A tribute to Chester

Many colleagues who I have met at meetings, conferences, etc, will have met my beautiful hearing dog, Chester.

He is still very much with us – to clear that up straight away – but I no longer have him.

Giving Chester up was the hardest decision I have ever made. It’s difficult to explain but I would like to try. I want to pay tribute to a wonderful dog and companion, and to draw some closure under what was and still is a difficult and painful choice.

I applied for a hearing dog when I’d just finished university, in 2008. I was living alone, low in confidence, and missing everyday sounds like the doorbell. The waiting list was almost five years. When I got Chester in 2013 it was a wonderful surprise; it’d been such a long time. I’d moved house, had a partner (who loved dogs). He slotted in straightaway and became a wonderful companion and help. He was so well-behaved (although cheeky, especially around food!) and got on with everybody he met. I had to take him to Newcastle, including an overnight stay in a hotel, and to London, within weeks of getting him. I’ll never get over how calm he was on the tube, not even blinking when a train pulled in to the station. He caused a lot of raised eyebrows and laughs when I carried him on the escalators!

chester 1
A day in the office

He also helped me to feel truly okay about my deafness. I’d always been unsure or apologetic. Now that I had him there as a badge, all the time, it felt like a weight had been lifted. If any access problems arose I became very assertive; for example, I had some issues with certain people at my workplace not understanding the legal requirements to give an assistance dog access. I learned to – politely and clearly – state my needs and any relevant obligations. Chester helped me – and I helped him; we went for wonderful walks and runs together. He was a real outdoors dog and loved nothing more than sniffing for badger sets and (very unsuccessfully) chasing rabbits.

chester MPs
Meeting MPs at the House of Commons
chester 2
After the morning run

Although Chester helped me enormously, as the years wore on, I could never quite shake off the feeling that somebody else could benefit from him more. I’d received a second cochlear implant in 2010 and my hearing was getting better and better (it’s a long way off perfect, but I say that I ‘hear pretty well for a deaf person’). And, paradoxically, as I grew more accepting of my deafness, it felt it was less a part of me. I contacted the charity to explain my doubts and they offered a trial separation. I must add that these are extremely rare in the advanced stages of a partnerships. He went on the 21st September: his 5th birthday. I cried so hard, then felt a sense of calm. I didn’t know what would happen but I knew that I needed to try this.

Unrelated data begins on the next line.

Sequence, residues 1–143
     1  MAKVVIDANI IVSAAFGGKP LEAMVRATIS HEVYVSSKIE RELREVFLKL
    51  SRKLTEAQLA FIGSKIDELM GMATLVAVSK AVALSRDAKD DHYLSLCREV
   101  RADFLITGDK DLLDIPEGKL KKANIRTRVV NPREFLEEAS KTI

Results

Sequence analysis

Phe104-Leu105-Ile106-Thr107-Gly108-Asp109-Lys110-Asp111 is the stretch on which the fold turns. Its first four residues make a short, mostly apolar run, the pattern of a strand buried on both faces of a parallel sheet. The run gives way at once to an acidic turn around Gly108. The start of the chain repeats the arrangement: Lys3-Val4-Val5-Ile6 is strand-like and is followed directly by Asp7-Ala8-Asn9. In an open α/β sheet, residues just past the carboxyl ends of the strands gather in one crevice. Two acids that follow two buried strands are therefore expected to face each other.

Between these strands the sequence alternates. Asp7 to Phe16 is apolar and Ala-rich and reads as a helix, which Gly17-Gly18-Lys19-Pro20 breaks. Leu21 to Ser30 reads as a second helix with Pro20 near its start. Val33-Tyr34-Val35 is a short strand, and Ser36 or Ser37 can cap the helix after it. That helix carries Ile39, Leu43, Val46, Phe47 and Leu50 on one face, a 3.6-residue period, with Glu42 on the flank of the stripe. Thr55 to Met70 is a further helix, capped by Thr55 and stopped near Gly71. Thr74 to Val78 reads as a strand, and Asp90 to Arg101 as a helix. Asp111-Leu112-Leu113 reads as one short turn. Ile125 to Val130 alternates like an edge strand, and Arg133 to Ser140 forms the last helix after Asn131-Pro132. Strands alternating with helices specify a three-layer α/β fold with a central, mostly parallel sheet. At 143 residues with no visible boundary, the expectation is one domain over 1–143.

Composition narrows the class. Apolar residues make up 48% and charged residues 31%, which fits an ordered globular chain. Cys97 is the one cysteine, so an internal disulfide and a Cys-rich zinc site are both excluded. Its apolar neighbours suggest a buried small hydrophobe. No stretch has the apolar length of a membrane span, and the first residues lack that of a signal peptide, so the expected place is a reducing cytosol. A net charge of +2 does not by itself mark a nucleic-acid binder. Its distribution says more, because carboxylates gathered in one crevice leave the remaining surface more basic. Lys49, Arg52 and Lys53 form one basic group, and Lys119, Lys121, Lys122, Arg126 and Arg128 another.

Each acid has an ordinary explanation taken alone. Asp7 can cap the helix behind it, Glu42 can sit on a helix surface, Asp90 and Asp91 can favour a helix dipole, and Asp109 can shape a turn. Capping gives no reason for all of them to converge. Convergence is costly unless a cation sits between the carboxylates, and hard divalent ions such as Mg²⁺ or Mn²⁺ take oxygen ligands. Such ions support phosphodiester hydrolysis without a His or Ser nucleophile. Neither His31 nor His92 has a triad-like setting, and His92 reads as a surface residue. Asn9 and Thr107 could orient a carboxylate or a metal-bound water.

I must stress here that having an assistance dog is a hugely personal choice, and that this blog post is in no way making a connection between hearing ability and the decision to – or need for – an assistance dog. For my part I am and always will be profoundly deaf.

To cut a long story short, I said that Chester should go to somebody else. He has another 5-6 working years left and he will be a blessing to whoever gets him. I had three wonderful years with Chester and he increased my confidence so much. They were not wasted years in any sense. He came everywhere with me, my little doggy sidekick, and made me feel it was okay to be just me, to be deaf. And dogs are wonderful, aren’t they? I’d never had one before getting Chester. They love unconditionally. They make you go out walking – rain, wind, or sun – and meeting people. You know most other dog owners by the names of their dogs, not the person. Chester was the most amazing alarm clock. He’d jump straight on the bed and paw me awake, knowing that another joyous day was just beginning, starting with a run outside and a large plate of biscuits!